“Guys were arguing,"explained Tony (pictured with the rustic furniture he builds). "It was a bar fight! A group of about twenty met in the morning to settle it. One of them was a Lion’s Club member. They said, ‘We should organize this for the city. Nobody else is doing it, so let’s call it the National Morel Mushroom Festival.’”
This is bucolic country, a photogenic trip back to an older, more innocent America, with rolling hills of leafy hardwoods, neat geometric agricultural plots, and farm houses dotting the countryside. The city itself is a small if fairly bustling burg of restaurants, galleries, and shops, a place that does much of its business in the summertime—with a head start in mid-May thanks to the morel fest.
Yoopers would say—to check it out. I was also hoping to see the sort of morels that are typical in the Midwest but less common where I live.
Like the Pacific Northwest, midwestern morel hunters find natural black morels, which are usually the first true morels to flush in the Great Lakes region each spring. But after the blacks fruit they also find a confusing variety of species commonly called grays, whites, and yellows. Some of these might be the same species at different stages of growth; others look suspiciously similar to what we sometimes call Morchella esculenta.
Measure of the Heart. Mary Ellen warned me that I better be ready to hit the woods at a full gallop because these hunters were serious. Sure, sure, I said. I'll be ready. My main concern was getting some photos of the action.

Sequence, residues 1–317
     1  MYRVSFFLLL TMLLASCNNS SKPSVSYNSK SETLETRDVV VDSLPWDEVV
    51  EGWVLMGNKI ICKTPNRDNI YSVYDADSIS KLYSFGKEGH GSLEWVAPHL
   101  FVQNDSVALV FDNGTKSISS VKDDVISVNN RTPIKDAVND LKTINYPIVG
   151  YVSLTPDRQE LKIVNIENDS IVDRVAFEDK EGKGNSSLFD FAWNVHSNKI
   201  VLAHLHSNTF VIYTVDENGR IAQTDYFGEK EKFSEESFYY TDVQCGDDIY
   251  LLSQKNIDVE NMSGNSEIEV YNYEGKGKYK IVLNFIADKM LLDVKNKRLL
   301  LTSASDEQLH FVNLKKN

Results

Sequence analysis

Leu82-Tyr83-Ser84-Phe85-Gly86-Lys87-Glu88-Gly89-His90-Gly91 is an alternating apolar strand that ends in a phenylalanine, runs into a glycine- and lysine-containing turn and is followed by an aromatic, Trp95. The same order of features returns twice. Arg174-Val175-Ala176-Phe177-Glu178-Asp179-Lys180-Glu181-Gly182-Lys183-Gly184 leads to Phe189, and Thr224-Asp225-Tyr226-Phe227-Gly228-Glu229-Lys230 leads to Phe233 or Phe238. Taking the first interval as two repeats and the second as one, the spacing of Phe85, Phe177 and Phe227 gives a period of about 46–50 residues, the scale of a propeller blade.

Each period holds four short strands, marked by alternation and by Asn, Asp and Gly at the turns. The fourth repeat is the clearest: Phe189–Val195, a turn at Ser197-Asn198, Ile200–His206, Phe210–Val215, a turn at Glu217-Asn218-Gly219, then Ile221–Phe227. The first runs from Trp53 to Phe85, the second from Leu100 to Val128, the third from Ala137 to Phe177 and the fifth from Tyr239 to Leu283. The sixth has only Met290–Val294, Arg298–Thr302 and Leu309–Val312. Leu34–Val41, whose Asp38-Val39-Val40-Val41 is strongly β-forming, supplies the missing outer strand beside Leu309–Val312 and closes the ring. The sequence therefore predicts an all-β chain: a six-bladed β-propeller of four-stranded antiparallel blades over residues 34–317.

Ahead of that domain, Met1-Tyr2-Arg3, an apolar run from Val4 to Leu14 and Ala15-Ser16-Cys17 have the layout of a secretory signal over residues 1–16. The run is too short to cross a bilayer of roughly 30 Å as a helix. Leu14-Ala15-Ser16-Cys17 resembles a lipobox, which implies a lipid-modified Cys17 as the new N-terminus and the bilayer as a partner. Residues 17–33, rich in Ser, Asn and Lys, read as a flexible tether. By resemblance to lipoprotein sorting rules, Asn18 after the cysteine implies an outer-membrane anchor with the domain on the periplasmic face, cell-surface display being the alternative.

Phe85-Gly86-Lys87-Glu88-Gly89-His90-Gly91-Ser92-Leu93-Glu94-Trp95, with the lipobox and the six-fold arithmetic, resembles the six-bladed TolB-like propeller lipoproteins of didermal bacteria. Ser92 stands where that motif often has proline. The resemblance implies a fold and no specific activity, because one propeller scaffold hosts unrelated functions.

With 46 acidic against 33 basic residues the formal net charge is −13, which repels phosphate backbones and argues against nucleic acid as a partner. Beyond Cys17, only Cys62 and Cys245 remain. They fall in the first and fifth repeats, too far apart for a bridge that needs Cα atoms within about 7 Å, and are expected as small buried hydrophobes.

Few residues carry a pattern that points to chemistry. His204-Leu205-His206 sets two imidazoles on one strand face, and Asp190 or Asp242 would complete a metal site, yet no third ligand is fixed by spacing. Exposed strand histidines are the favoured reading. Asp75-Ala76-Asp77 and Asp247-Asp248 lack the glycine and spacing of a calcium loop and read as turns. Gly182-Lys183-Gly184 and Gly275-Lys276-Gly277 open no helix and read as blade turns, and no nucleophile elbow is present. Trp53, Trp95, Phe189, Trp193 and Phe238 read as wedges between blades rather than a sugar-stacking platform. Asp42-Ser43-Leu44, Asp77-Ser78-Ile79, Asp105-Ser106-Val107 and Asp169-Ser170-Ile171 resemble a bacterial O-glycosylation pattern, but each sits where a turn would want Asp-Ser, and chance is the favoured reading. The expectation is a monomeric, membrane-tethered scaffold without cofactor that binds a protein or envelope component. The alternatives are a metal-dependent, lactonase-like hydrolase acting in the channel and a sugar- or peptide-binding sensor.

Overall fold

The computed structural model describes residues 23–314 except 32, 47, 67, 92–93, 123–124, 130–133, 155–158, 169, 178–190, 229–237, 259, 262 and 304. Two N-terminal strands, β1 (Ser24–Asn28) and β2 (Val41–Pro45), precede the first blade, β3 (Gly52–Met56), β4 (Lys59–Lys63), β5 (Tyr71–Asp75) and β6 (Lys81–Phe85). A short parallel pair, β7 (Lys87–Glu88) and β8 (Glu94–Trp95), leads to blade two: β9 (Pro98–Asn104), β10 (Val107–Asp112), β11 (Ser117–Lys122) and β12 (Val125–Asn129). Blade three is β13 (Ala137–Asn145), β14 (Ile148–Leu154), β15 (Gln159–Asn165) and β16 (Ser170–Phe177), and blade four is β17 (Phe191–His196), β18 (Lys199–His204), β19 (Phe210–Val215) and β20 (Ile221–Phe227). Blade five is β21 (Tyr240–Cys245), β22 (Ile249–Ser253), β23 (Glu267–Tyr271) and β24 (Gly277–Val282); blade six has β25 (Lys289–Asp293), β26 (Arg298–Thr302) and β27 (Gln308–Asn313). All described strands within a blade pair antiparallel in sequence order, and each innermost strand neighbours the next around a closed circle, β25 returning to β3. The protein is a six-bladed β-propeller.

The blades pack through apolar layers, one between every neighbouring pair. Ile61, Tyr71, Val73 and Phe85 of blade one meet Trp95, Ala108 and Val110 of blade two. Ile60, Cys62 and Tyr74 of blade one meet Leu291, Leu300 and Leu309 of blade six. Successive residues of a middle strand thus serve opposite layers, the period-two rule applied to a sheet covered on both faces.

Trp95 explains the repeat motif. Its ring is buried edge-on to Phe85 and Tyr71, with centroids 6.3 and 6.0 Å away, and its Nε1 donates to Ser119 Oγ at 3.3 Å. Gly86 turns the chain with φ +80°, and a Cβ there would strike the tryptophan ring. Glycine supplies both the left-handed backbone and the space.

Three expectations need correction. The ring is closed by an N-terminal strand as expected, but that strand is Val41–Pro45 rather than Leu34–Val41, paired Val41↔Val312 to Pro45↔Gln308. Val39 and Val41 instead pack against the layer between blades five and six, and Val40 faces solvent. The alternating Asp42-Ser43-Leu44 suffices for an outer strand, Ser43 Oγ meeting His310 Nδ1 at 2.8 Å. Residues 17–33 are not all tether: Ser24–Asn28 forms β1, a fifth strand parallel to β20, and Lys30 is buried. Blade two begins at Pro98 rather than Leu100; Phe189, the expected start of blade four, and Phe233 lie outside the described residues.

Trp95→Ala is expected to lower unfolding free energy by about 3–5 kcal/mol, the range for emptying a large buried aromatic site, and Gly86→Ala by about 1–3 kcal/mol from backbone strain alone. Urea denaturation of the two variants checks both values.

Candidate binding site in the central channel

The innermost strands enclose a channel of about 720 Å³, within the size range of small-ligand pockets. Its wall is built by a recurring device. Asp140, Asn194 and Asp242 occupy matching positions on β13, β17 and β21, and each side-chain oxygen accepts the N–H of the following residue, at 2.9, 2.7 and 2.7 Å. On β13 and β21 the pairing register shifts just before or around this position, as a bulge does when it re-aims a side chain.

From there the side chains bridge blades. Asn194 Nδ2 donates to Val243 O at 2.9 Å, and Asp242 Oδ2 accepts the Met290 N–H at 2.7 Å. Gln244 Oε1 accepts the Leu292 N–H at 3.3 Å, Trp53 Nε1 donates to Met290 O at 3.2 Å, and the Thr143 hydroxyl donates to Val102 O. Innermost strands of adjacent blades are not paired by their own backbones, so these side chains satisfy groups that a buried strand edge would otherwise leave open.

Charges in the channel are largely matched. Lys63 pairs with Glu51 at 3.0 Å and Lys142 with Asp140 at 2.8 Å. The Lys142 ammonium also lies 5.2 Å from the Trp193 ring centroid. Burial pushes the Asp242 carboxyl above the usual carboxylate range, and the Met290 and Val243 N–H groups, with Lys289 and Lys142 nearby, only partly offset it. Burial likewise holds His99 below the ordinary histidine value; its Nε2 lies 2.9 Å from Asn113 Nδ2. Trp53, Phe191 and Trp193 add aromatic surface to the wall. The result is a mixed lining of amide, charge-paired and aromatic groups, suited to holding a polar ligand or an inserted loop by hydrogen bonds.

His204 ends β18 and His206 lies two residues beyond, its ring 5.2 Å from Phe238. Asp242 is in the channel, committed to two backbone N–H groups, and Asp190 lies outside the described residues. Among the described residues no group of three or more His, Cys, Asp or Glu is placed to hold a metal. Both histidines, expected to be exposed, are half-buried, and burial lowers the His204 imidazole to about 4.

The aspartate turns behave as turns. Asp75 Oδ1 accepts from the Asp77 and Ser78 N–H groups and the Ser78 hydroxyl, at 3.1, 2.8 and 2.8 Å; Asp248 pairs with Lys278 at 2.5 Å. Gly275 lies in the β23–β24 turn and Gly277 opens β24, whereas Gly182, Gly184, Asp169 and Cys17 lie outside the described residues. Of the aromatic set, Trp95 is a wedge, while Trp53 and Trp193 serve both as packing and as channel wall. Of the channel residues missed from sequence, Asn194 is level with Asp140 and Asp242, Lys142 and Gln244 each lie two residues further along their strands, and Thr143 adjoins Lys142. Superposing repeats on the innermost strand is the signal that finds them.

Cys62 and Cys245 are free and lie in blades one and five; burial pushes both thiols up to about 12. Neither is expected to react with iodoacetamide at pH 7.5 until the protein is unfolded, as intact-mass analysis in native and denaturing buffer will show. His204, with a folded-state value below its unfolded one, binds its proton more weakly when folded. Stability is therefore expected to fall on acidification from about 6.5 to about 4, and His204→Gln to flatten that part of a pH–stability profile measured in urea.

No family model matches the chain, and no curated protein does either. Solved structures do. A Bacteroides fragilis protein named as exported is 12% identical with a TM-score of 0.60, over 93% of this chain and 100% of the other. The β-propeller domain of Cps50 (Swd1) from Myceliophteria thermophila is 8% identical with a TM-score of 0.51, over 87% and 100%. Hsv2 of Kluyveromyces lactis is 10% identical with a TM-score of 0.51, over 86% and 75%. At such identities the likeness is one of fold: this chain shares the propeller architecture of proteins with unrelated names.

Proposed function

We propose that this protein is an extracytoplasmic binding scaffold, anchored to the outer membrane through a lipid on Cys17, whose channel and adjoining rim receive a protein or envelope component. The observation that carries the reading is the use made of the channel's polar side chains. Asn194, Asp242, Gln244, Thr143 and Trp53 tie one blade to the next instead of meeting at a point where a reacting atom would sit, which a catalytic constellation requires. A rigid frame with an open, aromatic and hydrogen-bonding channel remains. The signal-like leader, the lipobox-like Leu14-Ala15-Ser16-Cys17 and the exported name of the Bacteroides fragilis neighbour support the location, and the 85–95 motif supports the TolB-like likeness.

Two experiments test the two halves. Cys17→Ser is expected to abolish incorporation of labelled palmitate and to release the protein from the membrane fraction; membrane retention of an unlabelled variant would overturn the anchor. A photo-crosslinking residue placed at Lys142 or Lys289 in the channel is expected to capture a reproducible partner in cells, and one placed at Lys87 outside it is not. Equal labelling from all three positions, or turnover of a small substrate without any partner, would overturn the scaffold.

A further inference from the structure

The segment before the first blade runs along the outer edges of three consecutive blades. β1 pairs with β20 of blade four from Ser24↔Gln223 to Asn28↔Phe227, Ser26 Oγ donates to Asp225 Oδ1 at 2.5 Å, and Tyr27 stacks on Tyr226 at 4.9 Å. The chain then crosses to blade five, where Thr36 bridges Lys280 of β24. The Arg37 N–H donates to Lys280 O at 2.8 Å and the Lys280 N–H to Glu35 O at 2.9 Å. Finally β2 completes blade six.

With that in mind I tried to identify likely experts—camo clothing, trucker hats, and a sneaking caginess were all part of my criteria—to follow into the woods for a photo-op. But then, moments after stepping off the bus, a bullhorn siren blared and everyone took off in a mad, cutthroat dash for the woods. I was still fiddling with the settings on my camera! Even Mary Ellen, who I figured could be my guide in a pinch, was last seen high-stepping through raspberry brambles on her way out of sight.
I wandered into the forest nearly last, fumbling with the camera and realizing I'd left my compass behind.
Verpa bohemica mushrooms (pictured) that look somewhat like morels. Caps are fair game in the contest even if most people don't eat them, and good thing—otherwise most of the contestants would have scored a big goose egg, including me.
This year's contest winner ended up picking something like 342 mushrooms in 90 minutes, of which only 40 or 50 were true morels. The record is held by Tony, with nearly 800 mushrooms picked during two consecutive 90-minute contests in the mid-eighties.
Ramps of perfect harvesting size carpeted the ground and Dutchman's breeches bloomed in delicate bunches.
"How will we ever see them with this riot of greenery?"
"Look for the ash."
My eye was getting better. I picked out a cluster of three ash trees and then started poking around. Voila! A small morel tried to hide from me beneath a trillium. And another... Soon I had a dozen from this one cluster of ash trees. We spotted another large ash and made a bee-line. More morels. I was scoring the way the locals did. An hour later, with enough morels to bring to Marquette, I thanked Mary Ellen and reluctantly bid adieu to Boyne City.
That night my old friends Russ and Carol put together a feast of homemade pasta with Lamb and Morel Stew ladled on top and spring asparagus on the side. Local, seasonal, and superb. We walked it off on the beach a few blocks from their home, Lake Superior lapping in the moonlight, and finished the evening with a couple beers at a hotel bar in town. The next day I would be leaving—but not without a fistful of that other local delicacy, ramps...